NEW YORK—The prison sentences imposed this month on award-winning Turkish documentary filmmakers Ertuğrul Mavioğlu and Çayan Demirel represent a “serious blow” to artistic freedom, and one more effort to silence those who fail to promote views held by President Erdoğan, PEN America said in a statement today.

The two were sentenced to four years and six months in prison on July 18 for their documentary Bakur, which follows the lives of PKK guerilla fighters in Kurdistan during the failed 2013-2014 peace talks.

“Criminalizing Ertuğrul Mavioğlu and Çayan Demirel’s work is a serious blow for artistic freedom of expression in Turkey.  Artists must have the freedom to explore any subject matter, regardless of its political implications,” said Julie Trebault, Director of the Artists at Risk Connection (ARC) of PEN America. “This decision is yet another example of President Erdoğan’s incessant efforts to weaken freedom of speech in Turkey and silence anyone who does not promote his version of the truth. We call for an immediate reversal of this decision, which violates basic human rights and is inconsistent with the commitments Turkey has made to protect free expression in its constitution and in international agreements.”

Bakur, which translates to “North” in English, follows the daily lives of guerrilla fighters in the mountains of northern Kurdistan. Filmed during the peace process in 2013–2014, the film marked the first time that a professional film crew had accessed the camps in more than 40 years of armed conflict between the Turkish government and the PKK.

Although filming was done during peace talks, the filmmakers were charged with “making propaganda for a [terrorist] organization” under Article 7/2 of Law no. 3713 on Counter-Terrorism. The filmmakers were given a higher sentence than expected because the court “was not convinced that the defendants would not repeat the same crime.” As reported by supporters present in court, the statement made by the judge left unclear whether their crime was shooting a documentary or ’disseminating propaganda.’ The defendant’s lawyers were not allowed to make any final statements, nor did the verdict consider the health implications for Çayan Demirel, who needs round the clock care due to a stroke. A press conference held by the filmmakers and their supporters on July 20 had to be moved at the last minute due to police pressure on the venue. Although the filmmakers remain free pending appeal, they have been banned from foreign travel.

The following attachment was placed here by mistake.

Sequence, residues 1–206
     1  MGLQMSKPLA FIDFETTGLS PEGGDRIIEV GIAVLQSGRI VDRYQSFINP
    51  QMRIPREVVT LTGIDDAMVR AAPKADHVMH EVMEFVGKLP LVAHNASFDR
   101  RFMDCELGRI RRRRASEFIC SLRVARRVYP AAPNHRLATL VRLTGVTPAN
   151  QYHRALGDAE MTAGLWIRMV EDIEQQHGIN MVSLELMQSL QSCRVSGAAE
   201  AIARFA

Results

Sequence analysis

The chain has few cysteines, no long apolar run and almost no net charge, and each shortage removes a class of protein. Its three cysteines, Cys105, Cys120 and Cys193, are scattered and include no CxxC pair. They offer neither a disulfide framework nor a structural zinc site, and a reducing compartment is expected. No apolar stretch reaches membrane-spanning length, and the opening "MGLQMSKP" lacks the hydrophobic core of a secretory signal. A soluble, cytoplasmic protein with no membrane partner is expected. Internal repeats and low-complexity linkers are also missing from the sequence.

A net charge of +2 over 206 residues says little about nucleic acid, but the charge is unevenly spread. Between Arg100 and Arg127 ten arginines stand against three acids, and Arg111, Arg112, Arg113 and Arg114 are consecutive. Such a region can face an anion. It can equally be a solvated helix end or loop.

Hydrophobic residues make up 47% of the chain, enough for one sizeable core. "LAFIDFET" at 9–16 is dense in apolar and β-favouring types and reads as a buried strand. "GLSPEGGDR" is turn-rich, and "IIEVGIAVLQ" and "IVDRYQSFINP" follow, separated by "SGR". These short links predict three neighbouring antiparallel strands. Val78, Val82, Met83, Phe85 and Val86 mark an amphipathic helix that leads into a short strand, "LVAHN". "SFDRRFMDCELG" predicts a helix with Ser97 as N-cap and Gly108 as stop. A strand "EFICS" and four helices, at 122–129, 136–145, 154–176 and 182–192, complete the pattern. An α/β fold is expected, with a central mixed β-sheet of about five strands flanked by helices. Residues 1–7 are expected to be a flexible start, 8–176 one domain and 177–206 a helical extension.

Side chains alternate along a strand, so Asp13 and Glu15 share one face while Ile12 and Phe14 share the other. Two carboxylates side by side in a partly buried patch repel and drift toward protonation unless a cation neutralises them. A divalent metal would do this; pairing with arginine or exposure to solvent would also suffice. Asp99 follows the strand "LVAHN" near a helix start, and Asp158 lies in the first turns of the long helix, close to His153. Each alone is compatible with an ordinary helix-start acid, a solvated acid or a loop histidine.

Persecution of the directors began in May 2015 when the film’s premiere at the 34th Istanbul Film Festival was cancelled at the last minute by the Ministry of Culture. In protest, many directors withdrew their own submissions and organized protests in Istanbul and beyond. A lawsuit was filed against the filmmakers in 2017. Since then, Mavioğlu and Demirel were forced to make numerous court appearances in a court distant from Istanbul, where both are based. The court appearances were set despite Demirel’s poor health.

PEN America, along with more than 50 human rights and arts organizations, issued an open letter to the Turkish Minister of Justice and Minister of Culture and have been advocating on behalf of the filmmakers. The case against Bakur marks one of the first times in Turkey’s recent history that a severe penalty has been imposed on filmmakers for their work, endangering the future of cinema and documentary film in Turkey. Artistic freedom and broader freedom of expression in Turkey have deteriorated at an alarming rate since the alleged coup attempt and the implementation of the State of Emergency in 2016. With the purging of academics and teachers, dozens of journalists, writers, and activists have been arrested, and more than 180 news outlets have been shut down by presidential decree. 

PEN America leads the Artists at Risk Connection (ARC), a program dedicated to assisting imperiled artists and fortifying the field of organizations that support them. If you or someone you know is an artist at risk, contact ARC here.


PEN America stands at the intersection of literature and human rights to protect open expression in the United States and worldwide. We champion the freedom to write, recognizing the power of the word to transform the world. Our mission is to unite writers and their allies to celebrate creative expression and defend the liberties that make it possible.

 Contact: PEN America media consultant Suzanne Trimel, [email protected]